There are two groups who are particularly exposed: those who have recently lost their jobs, and younger people.
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Parliament returns today. Don’t expect it to pile pressure on the Government. At least until early May.
It appears that there will be no votes until next week. After that, the May Bank Holiday looms. In any event, MPs will be feeling their virtual way.
Johnson, the Sunday Times and the virus. The Remainer losers have learnt nothing from the EU referendum and last year’s election.
It may be significant that the one person who doesn’t seem to be making their mistake is Keir Starmer.
We hope and expect Johnson will be back by May 8. But if he isn’t, Raab must lead in easing the lockdown.
The art will be to do so in such a way that the NHS can cope with a rise in admissions. And social distancing for the most vulnerable must remain in place.
Ministers can carry on trying, through the British Business Bank or directly, to push on this Gordian Knot – or slice through it.
Those five tests. The stage is set for an easing of the lockdown to be trailed after the first May Bank Holiday.
Johnson will seek to keep ahead of public opinion. The art for him is to not to be caught out by a sudden shift in mood.
We don’t expect the shutdown to last in full until summer. But if it did, Britain might well be moving towards Universal Credit as a basic income.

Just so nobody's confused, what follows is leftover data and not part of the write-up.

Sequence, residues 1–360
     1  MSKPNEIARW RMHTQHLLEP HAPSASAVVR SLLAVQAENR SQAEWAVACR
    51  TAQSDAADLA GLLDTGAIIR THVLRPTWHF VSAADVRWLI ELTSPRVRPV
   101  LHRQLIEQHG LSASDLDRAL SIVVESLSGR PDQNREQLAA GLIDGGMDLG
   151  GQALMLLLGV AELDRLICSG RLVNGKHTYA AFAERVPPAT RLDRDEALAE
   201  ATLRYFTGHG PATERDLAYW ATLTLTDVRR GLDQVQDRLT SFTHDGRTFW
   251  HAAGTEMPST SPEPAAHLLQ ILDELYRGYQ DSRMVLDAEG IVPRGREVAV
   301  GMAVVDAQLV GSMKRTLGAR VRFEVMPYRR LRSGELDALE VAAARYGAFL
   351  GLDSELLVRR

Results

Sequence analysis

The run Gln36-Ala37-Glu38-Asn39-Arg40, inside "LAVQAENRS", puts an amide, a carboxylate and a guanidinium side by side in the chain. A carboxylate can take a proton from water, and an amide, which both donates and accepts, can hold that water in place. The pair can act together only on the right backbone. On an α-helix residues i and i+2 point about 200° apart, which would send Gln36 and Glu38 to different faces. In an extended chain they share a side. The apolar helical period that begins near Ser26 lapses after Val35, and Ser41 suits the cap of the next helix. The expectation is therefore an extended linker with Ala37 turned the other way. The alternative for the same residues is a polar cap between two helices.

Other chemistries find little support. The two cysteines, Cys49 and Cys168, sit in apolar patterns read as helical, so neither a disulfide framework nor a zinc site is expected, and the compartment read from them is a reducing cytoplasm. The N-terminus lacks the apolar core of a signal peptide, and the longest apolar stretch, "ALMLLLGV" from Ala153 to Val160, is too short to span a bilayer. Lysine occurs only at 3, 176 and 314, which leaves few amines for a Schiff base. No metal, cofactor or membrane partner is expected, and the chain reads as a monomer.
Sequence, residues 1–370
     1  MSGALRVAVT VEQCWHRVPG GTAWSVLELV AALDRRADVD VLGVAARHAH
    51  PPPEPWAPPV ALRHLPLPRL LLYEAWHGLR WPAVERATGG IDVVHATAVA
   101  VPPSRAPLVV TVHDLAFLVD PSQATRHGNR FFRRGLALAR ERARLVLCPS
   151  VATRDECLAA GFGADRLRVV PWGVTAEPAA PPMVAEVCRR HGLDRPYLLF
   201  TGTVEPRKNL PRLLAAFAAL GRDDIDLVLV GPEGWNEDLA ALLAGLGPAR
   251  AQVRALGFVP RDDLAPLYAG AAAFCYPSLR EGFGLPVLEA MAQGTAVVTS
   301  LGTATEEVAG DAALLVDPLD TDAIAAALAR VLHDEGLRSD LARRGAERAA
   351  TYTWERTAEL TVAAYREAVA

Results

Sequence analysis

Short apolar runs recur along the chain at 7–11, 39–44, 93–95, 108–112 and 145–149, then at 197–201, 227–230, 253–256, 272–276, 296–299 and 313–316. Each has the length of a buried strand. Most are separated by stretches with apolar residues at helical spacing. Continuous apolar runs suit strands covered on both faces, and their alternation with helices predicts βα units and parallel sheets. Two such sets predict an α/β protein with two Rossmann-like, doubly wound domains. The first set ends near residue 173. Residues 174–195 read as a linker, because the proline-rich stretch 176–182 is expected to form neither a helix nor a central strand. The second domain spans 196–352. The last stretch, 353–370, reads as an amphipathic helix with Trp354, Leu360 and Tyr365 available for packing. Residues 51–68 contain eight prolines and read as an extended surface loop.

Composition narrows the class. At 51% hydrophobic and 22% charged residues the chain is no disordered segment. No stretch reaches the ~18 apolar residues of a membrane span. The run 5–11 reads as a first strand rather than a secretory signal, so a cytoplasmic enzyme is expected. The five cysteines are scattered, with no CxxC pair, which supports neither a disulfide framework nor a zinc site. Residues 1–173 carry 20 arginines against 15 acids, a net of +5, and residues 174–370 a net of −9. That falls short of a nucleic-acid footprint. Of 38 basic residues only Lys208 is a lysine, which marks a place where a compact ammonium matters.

The date at which lockdown should end is debatable. That MPs and peers should be debating it is not.
A reminder from Johnson’s broadcast. The lockdown won’t end until the NHS can cope with a second wave.
The Government’s main aim to date has been to ensure that it can take the strain – and his remarkable statement shows that this is unlikely to change.
Those who argue that the virus isn’t a serious problem and that the lockdown was unnecessary have more brains than sense.
It’s not usually the Opposition’s job to do the Government’s thinking for it. But these are exceptional times. And Ministers need all the help they can get.
It may just be that voters will see the Prime Minister in a new light after his admittance to intensive care
We hope that the new Johnson, the referendum-scarred near-landslide winner, regains the wider appeal of the old one, the Mayor who got stuck on a zip wire.
The Government needs to give shape and definition to its backroom plans to end the lockdown. His colleagues must support the man in charge.
We are holding over our daily column, comment piece and local government article this morning. Our newslinks will be published as usual.
We hope that the Prime Minister will soon be back to his usual swashbuckling self. Until then, Raab should take over.
The choice is between this imperfect option and a worse one – which is letting the ship of state drift amidst a storm unprecented in its nature and reach.